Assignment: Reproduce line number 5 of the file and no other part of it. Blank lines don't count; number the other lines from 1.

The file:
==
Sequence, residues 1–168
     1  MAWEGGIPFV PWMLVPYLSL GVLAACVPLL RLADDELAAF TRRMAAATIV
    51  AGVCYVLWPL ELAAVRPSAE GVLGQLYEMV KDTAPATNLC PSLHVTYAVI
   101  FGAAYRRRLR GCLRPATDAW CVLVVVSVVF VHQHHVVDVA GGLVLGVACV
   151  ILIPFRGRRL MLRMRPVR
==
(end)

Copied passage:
   151  ILIPFRGRRL MLRMRPVR